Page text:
Air and Space Power Operations Course breaks down “stovepipes”

News Article / January 4, 2019

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By Captain Robert W. MacKenzie, with Major Jen Campbell

“The RCAF will provide the CAF with relevant, responsive and effective air power to meet the defence challenges of today and into the future.” —RCAF Mission

Major Jen Campbell, from 1 Canadian Air Division’s Family Support team, and Captain Robert MacKenzie, from 9 Wing Gander, Newfoundland and Labrador, attended the Air and Space Power Operations Course (ASPOC) held in autumn 2018 at the RCAF Aerospace Warfare Centre at 8 Wing Trenton, Ontario. The 30-day intensive course develops air- and space-minded officers who can effectively assess, plan and task dynamic and complex aerospace operations.

As air reservists attending ASPOC, they brought unique perspectives to the course—and that is one of the greatest benefits of ASPOC. With 36 students attending, there was a wide variety of backgrounds and experiences from which to learn. The training also challenged everyone to break down “stovepipes” and learn from each other in a collaborative environment. Throughout the course, it was a daily occurrence to see support trades mentoring operators, and vice-versa.

ASPOC provided a learning environment designed to allow students to challenge ideas, to make mistakes, and to expand their abilities.

“Attending ASPOC is very key to the development of Air Force officers,” Captain MacKenzie said. “I was challenged daily to increase my knowledge, and ASPOC has provided me with new skillsets that I can bring back to apply at 9 Wing. I also now have the capability to be effectively employed in a variety of operational environments.”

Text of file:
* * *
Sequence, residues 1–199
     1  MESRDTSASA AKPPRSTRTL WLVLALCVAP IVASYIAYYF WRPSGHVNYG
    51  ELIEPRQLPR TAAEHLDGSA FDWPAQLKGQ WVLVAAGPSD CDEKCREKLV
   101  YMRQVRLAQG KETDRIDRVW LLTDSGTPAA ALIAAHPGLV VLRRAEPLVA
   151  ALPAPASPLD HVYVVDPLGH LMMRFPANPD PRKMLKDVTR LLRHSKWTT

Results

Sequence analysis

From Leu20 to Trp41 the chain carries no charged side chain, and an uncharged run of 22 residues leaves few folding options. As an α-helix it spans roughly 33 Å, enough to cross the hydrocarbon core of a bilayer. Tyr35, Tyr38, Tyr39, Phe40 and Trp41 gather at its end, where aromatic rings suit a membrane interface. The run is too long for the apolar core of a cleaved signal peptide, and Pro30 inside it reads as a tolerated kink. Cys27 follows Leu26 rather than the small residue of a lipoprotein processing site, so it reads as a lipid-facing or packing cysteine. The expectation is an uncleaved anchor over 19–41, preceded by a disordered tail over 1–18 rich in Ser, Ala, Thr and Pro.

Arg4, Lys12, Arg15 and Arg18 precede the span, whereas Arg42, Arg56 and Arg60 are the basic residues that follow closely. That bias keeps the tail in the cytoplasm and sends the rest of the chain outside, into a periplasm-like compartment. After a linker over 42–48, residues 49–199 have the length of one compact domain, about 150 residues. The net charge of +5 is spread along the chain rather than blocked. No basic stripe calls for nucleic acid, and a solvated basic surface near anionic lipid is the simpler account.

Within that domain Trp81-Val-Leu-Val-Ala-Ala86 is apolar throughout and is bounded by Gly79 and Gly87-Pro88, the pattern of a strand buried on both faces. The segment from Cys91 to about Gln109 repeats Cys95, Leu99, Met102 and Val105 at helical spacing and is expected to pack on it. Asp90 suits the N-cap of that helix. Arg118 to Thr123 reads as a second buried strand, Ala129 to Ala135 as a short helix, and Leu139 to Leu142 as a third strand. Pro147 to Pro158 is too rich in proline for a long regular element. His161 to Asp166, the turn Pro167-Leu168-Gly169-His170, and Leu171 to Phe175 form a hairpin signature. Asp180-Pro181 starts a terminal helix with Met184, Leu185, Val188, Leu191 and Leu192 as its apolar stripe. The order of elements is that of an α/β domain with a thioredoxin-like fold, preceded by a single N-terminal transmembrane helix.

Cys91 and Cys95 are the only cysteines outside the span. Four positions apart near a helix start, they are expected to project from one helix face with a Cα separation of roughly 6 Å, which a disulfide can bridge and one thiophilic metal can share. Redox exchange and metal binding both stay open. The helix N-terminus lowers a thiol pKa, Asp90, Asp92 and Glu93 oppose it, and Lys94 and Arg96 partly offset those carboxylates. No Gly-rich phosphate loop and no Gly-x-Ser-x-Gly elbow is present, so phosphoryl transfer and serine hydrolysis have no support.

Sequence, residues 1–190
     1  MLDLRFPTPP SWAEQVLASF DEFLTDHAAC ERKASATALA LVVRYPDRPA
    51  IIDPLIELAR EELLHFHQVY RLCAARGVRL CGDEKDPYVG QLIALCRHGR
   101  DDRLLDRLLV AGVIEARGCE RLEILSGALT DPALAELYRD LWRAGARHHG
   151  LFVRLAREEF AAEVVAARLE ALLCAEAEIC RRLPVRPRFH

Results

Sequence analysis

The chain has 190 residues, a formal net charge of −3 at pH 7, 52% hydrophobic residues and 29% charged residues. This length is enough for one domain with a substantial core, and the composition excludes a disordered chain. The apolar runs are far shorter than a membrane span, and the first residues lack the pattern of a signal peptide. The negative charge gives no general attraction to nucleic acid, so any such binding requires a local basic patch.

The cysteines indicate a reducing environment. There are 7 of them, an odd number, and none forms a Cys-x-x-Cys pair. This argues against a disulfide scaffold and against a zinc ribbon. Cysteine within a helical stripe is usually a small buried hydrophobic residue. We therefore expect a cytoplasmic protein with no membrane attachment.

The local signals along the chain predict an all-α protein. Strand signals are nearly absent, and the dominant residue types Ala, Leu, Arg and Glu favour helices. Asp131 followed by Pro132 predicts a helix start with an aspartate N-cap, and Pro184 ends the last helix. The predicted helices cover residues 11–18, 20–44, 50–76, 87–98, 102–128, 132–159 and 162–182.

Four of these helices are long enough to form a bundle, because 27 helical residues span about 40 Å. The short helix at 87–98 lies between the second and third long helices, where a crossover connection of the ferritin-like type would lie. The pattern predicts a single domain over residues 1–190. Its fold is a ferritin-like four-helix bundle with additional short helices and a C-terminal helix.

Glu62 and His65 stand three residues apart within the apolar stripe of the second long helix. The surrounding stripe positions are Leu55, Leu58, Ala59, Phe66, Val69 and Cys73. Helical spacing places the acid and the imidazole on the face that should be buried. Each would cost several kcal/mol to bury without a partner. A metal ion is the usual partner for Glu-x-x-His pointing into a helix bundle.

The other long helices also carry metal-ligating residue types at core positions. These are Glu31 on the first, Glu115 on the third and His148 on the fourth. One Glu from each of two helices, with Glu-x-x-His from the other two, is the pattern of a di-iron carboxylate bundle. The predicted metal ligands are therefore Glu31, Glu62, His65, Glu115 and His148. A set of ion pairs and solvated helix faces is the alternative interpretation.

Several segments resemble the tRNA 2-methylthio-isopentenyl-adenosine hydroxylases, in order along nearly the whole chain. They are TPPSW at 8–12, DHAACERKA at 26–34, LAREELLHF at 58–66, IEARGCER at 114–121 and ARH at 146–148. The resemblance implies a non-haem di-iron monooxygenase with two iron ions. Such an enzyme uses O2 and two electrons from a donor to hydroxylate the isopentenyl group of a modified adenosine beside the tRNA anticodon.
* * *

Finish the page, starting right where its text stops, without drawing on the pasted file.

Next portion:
The learning, however, moved at a fast and challenging pace. Each day, the students, regardless of their backgrounds, were challenged with new ideas, and how to incorporate them and make them part of their skillsets. Thinking critically was emphasized daily and practised until it became the norm rather than the exception.

The syllabus was also filled with exceptionally high-calibre speakers who challenged the students and allowed the students to challenge them. There were representatives from Canadian Forces College, the Canadian Army, the Royal Canadian Navy, Joint Operations Support Group, Director General Space (which falls under the RCAF), Canadian Joint Operations Command, 1 Wing Kingston, 8 Wing Trenton, Royal Military College of Canada, 2 Wing Bagotville (Air Expeditionary Wing), 1st Canadian Division, and the North American Aerospace Defense Command (NORAD).

“As an air logistics officer with a finance and human resources background, ASPOC was an incredible opportunity to step outside of my comfort zone and explore air and space power concepts with peers and directing staff alike,” Major Campbell said. “Having completed the course, I definitely have a much better grasp of both RCAF doctrine and how RCAF capabilities are employed in a joint operational context around the world.”


 

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Aerospace Control Officers contribute to air operations by providing air traffic control services and air weapons control.

Aerospace Control Officers are responsible for the conduct of aerospace surveillance, warning, and control of airborne objects throughout Canadian airspace. As an integral part of the Canadian Air Navigation System, they also provide control to civilian and military aircraft during combat and training operations worldwide.

http://forces.ca/en/career/aerospace-control-officer/

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